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Light Beam Observation Extends Beyond Spectrum of Disorder

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ROSTOCK, Germany, June 14, 2022 — Researchers from the University of Rostock and the Technion - Israel Institute of Technology demonstrated a mechanism that prevented lightwaves from spreading freely. The underlying physical effect was previously considered too weak to fully arrest wave expansion. The researchers observed that such light localization was nevertheless possible, demonstrating the sensitivity of wave propagation across a wide range of spatial length scales.

In 1958, physicist Phil Anderson predicted that an electrical conductor, such as copper, could abruptly turn into an insulator, such as glass, when the atomic crystal order was sufficiently changed. The presence of this so-called disorder could stop the motion of the otherwise freely moving electrons, preventing any substantial electrical currents through the material. The phenomenon is called Anderson localization, and it can be explained by quantum mechanics, in which electrons are treated as particles as well as waves.

The effect also applies to classical settings, in which disorder can suppress the propagation of sound waves and light beams.

In the recent work, the researchers discovered that lightwaves may even show that Anderson localization is induced if the disorder is practically invisible to them. This type of disorder exclusively contains spatially periodic distributions with certain wavelengths.

“Naively, one would expect that only those waves whose spatial distributions somehow match the length scales of the disorder can be affected by it and potentially experience Anderson localization,” said Sebastian Weidemann, a doctoral student at the University of Rostock Institute for Physics.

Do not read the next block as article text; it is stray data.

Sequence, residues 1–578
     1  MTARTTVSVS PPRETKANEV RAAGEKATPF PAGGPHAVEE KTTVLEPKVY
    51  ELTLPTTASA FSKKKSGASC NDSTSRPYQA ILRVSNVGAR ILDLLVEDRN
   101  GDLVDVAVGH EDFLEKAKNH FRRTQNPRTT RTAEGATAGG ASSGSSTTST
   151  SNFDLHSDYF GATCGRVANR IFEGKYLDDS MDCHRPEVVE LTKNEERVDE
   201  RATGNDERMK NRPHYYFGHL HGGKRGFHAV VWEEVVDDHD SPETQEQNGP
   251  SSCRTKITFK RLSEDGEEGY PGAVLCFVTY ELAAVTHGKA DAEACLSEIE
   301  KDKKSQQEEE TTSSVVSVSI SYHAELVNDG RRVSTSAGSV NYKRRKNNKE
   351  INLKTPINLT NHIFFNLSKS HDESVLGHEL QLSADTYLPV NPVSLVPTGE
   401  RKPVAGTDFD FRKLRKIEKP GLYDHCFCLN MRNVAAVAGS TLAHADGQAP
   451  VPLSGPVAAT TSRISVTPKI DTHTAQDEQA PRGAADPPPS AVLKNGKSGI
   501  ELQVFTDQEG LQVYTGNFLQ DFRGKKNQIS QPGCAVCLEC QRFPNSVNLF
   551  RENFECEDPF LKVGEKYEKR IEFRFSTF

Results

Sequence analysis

“Other waves should essentially propagate as if there were no disorder at all,” researcher Mark Kremer said.

In contrast, the recent theoretical work from the Technion team suggested that the propagation of waves could be dramatically affected even by such “invisible" disorder.

“When lightwaves can interact multiple times with the invisible disorder, a surprisingly strong effect can build up and arrest all light propagation,” doctoral student Alex Dikopoltsev said.

Laser light ensnared in an invisible trap. Light propagates in coupled optical fibres. Even though the disorder, which is not shown, should practically not affect the light waves, the propagation into neighboring optical fibers strongly suppressed (Anderson localization), such that the light remains contained in a few optical fibers. The structure of the fiber mesh allows light to emulate the motion of electrons in disordered materials. Courtesy of the University of Rostock/A. Szameit.
Laser light ensnared in an invisible trap. Light propagates in coupled optical fibers. Even though the disorder (not shown), should not affect the lightwaves, the propagation into neighboring optical fibers strongly suppressed Anderson localization, such that the light remained contained within a few optical fibers. The structure of the fiber mesh allows light to emulate the motion of electrons in disordered materials. Courtesy of the A. Szameit/University of Rostock.
The collaborating research groups constructed artificial disordered materials from kilometers of optical fiber, which they arranged so that the optical networks emulated the spatial spreading of electrons in disordered materials. This enabled the researchers to make direct observations of the practically invisible structures ensnaring lightwaves.

According to the researchers, the demonstration and discovery could pave the way toward a new generation of synthetic materials that harness disorder to selectively suppress currents — whether light, sound, or electrons.

The Deutsche Forschungsgemeinschaft, the European Research Council, and the Alfried Krupp von Bohlen und Halbach Foundation supported the work.

The research was published in Science Advances (www.science.org/doi/10.1126/sciadv.abn7769).

Photonics.com
Jun 2022
GLOSSARY
optical fiber
A thin filament of drawn or extruded glass or plastic having a central core and a cladding of lower index material to promote total internal reflection (TIR). It may be used singly to transmit pulsed optical signals (communications fiber) or in bundles to transmit light or images.
Research & TechnologyeducationDiscoveryEuropeUniversity of RostockTechnion-Israel Institute of TechnologyTechnionmaterialslight propertiesoptical fiberdisorderdisordered materialsdisordered medialocalizationAnderson localizationlight propagation

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